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Title: Growing up in an immigrant community : the phonemic development of sequential bilingual children
Author: McCarthy, K. M.
Awarding Body: University College London (University of London)
Current Institution: University College London (University of London)
Date of Award: 2013
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The majority of bilingual speech research has focused on simultaneous bilinguals. Yet, in immigrant communities, children are often initially exposed to their heritage language (L1) before becoming gradually immersed in the host country’s language (L2) when they start full-time education. This is typically referred to as sequential bilingualism. These children are often exposed to differing amounts of the L1 and L2, as well as accented variants. To date, little is known about the developmental trajectories of such children. This thesis investigates the influence of this highly variable language environment on the acquisition of L2 phonemes. Specifically this thesis focuses on Sylheti-English speaking children from the London-Bengali community. To provide a baseline of the children’s speech environment, Study 1 investigated the speech production of Sylheti (L1) and English (L2) by adult speakers from the London-Bengali community. The results show differences in production of both the L1 and L2 depending on the speaker’s language background. Studies 2 and 3 tracked the acquisition of English vowel and plosive contrasts, both perception and production, by Sylheti-English bilingual children and their monolingual peers. Using a longitudinal design, children were tested at two time points: after seven months of English language experience in nursery (Time 1) and approximately one year later, when the children were in the first year of Primary school (Time 2). At Time 1 the bilingual children displayed difficulties with phonemic contrasts that do not exist in Sylheti. However, by Time 2, the bilingual children had rapidly changed to match that of their monolingual peers. Studies 4 and 5 explored the influence of language exposure and caregiver speech on the bilingual children’s English phoneme acquisition. The results suggest that sequential bilingual children are particularly sensitive to the amount of language exposure to each language as well as fine-grained phonetic differences in caregiver speech.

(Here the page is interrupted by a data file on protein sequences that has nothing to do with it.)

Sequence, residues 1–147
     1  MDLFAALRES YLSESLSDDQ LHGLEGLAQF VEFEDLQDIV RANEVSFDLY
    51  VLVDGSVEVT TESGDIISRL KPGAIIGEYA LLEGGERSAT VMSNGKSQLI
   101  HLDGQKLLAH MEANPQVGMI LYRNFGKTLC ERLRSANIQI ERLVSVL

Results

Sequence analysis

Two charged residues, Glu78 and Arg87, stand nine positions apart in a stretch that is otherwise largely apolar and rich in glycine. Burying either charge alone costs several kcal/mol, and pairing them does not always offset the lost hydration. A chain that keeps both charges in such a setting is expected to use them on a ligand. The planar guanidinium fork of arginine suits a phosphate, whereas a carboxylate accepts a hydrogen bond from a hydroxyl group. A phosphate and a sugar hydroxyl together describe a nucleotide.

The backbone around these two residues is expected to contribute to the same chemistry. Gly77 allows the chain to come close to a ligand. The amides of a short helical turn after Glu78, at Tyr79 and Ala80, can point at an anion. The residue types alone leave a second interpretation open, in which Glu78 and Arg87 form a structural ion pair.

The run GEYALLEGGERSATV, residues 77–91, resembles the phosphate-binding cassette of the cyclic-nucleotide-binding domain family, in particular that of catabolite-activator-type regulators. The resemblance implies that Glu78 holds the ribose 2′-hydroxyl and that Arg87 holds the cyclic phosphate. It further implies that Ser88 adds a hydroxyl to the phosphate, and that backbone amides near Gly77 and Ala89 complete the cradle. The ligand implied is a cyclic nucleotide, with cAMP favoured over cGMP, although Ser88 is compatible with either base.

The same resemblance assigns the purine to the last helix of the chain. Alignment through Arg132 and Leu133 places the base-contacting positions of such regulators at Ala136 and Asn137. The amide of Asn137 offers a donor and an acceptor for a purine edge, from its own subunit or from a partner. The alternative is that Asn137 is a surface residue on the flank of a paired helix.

Supervisor: Not available Sponsor: Not available
Qualification Name: Thesis (Ph.D.) Qualification Level: Doctoral
EThOS ID:  DOI: Not available